, Gloucester, MA


November 22, 2012

Editorial: Fire funding plan finally offers step in the right direction

Eric Smith, Gloucester’s new fire chief, deserves credit for telling residents right up front that a new plan being advanced by he and Mayor Carolyn Kirk will not be the ultimate, utopian proposal that will allow the city to once again open all four of its fire stations — all the time.

“This certainly won’t open them consistently every day,” Smith said. And he’s no doubt right — especially while the firefighters’ current contract continues to run, as it will through next June 30, the end of the current fiscal year.

But the mayor’s agreement to use at least $246,000 of the city’s $4.8 million free cash certification to boost Fire Department staffing, her commitent to allow a “rainy day” Fire Department fund to add overtime staffing periodically as the year goes forward, and Smith’s commitment to work with new firefighters’ union chief and former interim chief Steve Aiello on a format for restructuring the department’s shifts should at least keep the Bay View Station open far more frequently than it is today. And, most importantly, the advancement of even this basic plan shows that the mayor’s office is willing to give the goal or opening all four stations the priority that this issue needs. That’s the top priority that residents, particularly those in Magnolia, Bay View, Annisquam and Lanesville deserve and have every right to expect.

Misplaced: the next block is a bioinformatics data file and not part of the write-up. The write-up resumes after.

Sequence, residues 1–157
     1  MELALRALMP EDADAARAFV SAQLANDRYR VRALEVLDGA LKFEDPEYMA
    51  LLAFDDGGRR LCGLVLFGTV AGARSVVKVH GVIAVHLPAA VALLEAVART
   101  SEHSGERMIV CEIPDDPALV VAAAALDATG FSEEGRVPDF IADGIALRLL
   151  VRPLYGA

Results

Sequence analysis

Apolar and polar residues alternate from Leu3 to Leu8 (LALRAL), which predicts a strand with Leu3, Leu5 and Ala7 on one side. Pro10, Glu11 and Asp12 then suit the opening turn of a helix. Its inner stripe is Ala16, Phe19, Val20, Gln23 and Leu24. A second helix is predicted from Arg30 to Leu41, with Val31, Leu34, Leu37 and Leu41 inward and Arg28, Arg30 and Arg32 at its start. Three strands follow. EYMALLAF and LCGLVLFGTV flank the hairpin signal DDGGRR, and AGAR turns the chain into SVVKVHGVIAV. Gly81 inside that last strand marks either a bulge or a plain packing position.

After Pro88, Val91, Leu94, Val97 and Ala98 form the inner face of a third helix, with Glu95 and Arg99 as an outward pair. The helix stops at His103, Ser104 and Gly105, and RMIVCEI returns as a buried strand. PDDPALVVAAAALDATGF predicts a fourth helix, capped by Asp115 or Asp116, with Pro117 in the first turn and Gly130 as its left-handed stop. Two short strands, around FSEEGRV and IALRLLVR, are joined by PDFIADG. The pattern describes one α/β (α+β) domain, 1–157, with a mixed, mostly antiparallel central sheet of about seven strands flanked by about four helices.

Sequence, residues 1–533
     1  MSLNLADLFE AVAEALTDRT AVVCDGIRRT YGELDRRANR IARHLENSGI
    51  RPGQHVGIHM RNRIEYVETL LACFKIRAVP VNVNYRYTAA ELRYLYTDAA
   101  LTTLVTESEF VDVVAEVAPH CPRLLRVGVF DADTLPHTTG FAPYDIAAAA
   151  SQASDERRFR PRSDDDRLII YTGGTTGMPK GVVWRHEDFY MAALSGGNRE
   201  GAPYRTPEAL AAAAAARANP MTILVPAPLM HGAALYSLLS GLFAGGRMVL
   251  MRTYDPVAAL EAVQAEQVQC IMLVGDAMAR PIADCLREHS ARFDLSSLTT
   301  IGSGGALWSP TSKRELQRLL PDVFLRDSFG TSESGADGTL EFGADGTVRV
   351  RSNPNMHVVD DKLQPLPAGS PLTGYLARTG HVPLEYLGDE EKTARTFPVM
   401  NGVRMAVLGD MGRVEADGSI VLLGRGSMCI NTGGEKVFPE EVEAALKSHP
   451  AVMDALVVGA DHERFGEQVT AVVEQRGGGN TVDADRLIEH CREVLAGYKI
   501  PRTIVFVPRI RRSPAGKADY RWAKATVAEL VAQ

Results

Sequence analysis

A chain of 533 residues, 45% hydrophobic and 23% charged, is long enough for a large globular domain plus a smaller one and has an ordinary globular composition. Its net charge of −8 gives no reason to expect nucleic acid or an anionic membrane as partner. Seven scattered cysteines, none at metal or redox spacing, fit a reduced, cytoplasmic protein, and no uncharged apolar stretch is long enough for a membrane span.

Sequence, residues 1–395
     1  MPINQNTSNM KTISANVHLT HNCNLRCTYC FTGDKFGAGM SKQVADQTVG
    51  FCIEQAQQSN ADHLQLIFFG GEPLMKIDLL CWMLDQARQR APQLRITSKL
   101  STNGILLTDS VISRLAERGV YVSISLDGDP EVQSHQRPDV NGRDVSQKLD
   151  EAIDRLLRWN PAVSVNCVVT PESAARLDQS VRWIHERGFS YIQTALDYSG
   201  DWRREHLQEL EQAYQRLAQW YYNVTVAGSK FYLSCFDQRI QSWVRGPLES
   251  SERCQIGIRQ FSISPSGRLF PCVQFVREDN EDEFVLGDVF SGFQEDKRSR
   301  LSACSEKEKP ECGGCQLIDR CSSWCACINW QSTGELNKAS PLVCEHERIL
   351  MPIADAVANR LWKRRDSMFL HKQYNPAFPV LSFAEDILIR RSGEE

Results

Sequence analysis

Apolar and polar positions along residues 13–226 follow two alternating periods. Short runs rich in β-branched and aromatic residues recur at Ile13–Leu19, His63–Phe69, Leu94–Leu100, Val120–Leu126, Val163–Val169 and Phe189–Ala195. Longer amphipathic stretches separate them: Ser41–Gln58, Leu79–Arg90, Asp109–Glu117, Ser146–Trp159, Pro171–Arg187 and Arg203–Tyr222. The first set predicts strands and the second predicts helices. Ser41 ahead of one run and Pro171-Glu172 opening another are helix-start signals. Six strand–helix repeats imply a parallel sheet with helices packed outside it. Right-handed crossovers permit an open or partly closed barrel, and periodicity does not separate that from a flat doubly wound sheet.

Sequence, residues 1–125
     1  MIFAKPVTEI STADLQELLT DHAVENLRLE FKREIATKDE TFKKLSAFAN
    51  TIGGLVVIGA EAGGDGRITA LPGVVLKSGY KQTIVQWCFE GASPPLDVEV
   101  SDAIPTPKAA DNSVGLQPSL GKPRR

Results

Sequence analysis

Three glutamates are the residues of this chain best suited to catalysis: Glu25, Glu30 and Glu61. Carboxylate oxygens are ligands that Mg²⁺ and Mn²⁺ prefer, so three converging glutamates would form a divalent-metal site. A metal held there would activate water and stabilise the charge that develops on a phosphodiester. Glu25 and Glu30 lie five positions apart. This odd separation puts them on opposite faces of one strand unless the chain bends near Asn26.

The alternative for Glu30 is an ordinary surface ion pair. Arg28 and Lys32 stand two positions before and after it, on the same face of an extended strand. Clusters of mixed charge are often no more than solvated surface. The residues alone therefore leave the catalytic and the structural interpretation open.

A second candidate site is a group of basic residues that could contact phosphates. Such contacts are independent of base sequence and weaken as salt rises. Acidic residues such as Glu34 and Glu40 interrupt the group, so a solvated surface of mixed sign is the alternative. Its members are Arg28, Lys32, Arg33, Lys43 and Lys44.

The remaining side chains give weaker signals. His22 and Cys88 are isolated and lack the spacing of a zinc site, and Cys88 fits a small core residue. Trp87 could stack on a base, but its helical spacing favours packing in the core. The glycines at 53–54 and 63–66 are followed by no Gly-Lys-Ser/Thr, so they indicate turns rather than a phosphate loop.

At its core, the preliminary game plan announced Tuesday by the mayor amounts to funneling more money into Fire Department overtime — hardly an efficient, long-term solution to anything. But the hiring of another firefighter – on top of the laudable hiring of a number of local veterans to firefighting posts in recent weeks — edges the department toward the depth the department needs.

The real steps toward providing residents with the kind of protection they deserve, of course, will come through whatever changes Smith and Aiello can achieve through changing the shifts or rotation system. And officials on all sides should recognize the benefits of potential options, perhaps like a reserve corps like the one that supplements Gloucester’s police force.

But the step announced this week at least represents a step toward a safer overall city — one in which School Street-to-Lanesville or even Concord Street-to Magnolia responses may soon be a thing of the past. That’s a step in the right direction — at last.

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